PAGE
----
One Step is the only environmentally sound, non-toxic, no-rinse cleanser on the market today for brewers and wineries. Unlike other cleansers that require rinsing because of their alkaline nature or that use materials that can be harmful to the environment, One Step — the original no-rinse cleanser — uses active oxygen to clean your equipment. In addition to being designed to minimize residue and while maximizing detergency, One Step uses oxygen entrained within a mineral crystal that dissolves when combined with water. The oxygen is then released to form hydrogen peroxide – a compound long known for its sanitizing and disinfectant abilities. The hydrogen peroxide completes its work and then degrades into oxygen and water, leaving behind only the minerals that are stable, naturally occurring compounds – no different than minerals often found in drinking water. Because One Step is essentially non-foaming when used at the recommended concentration, it may be used in clean-in-place (CIP) systems as well as in the soak tank. One Step may be used on, essentially, all surfaces and is safe for brass, copper, aluminum and stainless, as well as polycarbonate and vinyl.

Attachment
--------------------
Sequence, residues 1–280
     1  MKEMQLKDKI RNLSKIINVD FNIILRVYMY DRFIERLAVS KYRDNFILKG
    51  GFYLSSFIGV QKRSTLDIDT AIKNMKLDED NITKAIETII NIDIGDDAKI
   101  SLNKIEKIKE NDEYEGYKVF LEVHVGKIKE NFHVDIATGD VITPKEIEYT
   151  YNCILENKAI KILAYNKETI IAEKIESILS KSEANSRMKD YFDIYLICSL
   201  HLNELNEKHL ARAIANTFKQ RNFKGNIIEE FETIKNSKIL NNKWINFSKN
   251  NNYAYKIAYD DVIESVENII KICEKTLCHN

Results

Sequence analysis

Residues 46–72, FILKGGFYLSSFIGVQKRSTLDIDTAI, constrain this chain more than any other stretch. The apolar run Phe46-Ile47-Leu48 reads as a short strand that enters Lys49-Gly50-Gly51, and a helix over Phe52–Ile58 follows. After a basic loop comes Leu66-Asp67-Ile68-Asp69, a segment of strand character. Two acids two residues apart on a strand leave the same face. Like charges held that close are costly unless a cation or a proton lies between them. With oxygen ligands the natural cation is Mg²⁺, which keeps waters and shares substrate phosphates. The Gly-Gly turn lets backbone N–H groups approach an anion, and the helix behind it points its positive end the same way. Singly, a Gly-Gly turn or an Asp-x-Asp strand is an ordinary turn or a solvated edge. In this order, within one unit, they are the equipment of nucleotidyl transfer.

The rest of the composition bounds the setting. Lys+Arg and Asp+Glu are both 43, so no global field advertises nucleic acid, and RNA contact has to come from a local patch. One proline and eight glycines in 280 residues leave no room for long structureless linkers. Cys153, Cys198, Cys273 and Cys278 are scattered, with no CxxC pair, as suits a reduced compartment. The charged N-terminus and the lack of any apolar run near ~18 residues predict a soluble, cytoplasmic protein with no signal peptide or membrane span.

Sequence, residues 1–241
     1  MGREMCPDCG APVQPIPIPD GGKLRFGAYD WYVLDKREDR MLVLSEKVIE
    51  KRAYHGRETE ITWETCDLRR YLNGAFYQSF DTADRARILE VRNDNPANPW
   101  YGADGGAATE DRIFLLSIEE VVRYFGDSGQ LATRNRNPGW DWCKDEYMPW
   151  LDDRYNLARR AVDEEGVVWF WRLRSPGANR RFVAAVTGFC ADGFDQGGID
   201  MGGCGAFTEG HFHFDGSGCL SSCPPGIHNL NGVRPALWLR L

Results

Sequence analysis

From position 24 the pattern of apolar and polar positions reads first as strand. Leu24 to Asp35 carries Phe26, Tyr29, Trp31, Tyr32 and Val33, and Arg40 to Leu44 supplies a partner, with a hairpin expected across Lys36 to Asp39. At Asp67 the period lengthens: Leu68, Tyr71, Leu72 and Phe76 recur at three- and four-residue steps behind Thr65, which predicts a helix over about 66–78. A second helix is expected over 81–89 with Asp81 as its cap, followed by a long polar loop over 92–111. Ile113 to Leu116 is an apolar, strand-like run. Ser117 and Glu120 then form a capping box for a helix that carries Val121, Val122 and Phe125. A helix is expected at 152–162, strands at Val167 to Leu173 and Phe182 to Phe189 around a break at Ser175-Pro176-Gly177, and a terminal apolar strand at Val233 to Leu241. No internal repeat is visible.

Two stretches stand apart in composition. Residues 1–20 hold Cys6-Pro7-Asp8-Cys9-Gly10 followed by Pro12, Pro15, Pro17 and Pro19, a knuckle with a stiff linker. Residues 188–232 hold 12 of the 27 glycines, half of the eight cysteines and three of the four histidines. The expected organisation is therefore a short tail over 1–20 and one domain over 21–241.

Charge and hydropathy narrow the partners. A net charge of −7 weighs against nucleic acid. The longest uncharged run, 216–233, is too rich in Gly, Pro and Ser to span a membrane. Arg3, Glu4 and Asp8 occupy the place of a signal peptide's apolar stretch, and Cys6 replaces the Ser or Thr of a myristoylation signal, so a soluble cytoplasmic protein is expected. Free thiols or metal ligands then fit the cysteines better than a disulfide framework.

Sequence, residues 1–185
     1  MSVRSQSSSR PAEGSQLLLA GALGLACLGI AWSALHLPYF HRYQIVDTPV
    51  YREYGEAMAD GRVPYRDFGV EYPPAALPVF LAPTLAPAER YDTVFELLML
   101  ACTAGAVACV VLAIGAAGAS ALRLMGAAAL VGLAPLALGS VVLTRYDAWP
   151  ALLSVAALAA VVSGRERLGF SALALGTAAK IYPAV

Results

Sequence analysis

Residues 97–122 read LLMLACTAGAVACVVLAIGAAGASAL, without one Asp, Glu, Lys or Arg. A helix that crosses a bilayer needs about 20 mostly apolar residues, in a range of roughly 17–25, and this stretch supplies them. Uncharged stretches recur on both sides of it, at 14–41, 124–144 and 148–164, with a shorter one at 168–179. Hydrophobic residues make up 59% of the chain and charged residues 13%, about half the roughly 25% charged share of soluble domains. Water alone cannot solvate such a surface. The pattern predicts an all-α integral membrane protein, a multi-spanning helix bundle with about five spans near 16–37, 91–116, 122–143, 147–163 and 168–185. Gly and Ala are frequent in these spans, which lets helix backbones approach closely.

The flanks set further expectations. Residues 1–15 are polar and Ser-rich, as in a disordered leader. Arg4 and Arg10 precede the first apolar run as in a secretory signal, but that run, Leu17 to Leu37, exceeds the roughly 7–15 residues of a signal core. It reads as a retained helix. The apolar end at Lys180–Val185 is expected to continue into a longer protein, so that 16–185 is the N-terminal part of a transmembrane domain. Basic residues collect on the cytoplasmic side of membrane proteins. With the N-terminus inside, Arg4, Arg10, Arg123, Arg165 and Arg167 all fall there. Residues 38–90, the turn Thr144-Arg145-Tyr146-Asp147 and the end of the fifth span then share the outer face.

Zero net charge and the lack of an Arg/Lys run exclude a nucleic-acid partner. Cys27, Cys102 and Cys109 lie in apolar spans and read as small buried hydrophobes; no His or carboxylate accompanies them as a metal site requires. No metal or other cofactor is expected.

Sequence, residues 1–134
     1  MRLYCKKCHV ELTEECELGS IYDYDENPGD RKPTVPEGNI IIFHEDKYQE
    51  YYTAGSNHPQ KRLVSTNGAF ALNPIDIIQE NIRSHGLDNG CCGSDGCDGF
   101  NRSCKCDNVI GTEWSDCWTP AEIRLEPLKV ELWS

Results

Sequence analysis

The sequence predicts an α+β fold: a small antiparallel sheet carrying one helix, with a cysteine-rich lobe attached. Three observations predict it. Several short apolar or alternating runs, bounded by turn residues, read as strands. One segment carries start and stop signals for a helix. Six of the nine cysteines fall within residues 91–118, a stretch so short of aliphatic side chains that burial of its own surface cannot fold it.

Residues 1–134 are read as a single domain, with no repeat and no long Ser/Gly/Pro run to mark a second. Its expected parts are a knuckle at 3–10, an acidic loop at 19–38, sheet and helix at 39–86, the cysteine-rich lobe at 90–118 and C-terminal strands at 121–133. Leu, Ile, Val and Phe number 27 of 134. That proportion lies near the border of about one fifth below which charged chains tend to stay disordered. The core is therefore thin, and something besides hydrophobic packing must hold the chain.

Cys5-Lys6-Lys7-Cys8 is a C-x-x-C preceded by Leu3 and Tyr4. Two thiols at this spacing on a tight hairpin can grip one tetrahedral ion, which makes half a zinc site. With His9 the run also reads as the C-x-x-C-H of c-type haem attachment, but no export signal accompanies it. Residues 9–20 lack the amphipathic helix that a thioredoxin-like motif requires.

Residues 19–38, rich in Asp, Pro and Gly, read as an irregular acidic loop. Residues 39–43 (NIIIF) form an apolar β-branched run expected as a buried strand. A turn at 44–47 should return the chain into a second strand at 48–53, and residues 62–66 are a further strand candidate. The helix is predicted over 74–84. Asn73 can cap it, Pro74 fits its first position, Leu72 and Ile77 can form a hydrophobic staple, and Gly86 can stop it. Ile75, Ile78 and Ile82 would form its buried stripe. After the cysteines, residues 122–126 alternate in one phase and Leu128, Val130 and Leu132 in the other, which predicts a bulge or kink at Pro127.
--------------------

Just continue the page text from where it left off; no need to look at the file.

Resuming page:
Ed Johnson –
A word of warning if you intend to make champagne by additional fermentation, always rinse the sanitizer out of the bottle before proceeding. The residual H2O2 will kill the yeast. I learned this the hard way.
Rick Theiner –
Thanks for the comment! I’m a little surprised, though, because we’ve had plenty of people who have inadvertently added One Step solution to their wine, either to top up or as dilution water for kits. Because of the non-toxic aspect of the product and because of the dilution of the peroxide, there has never been an issue. (This is one of the most common trouble calls we field)
When encountering organic matter, the peroxide will oxidize that matter, but will also be destroyed in the process. This is why we say that the user should only use the product as a final rinse on pre-cleaned equipment or bottles– dilution with soiled material (and the peroxide sees wine or beer as “soiled material”) will quickly deactivate the peroxide. There may have been something else going on that led to the issue with the champagne not carbonating.
If you’d like to discuss, please feel free to reach out to us!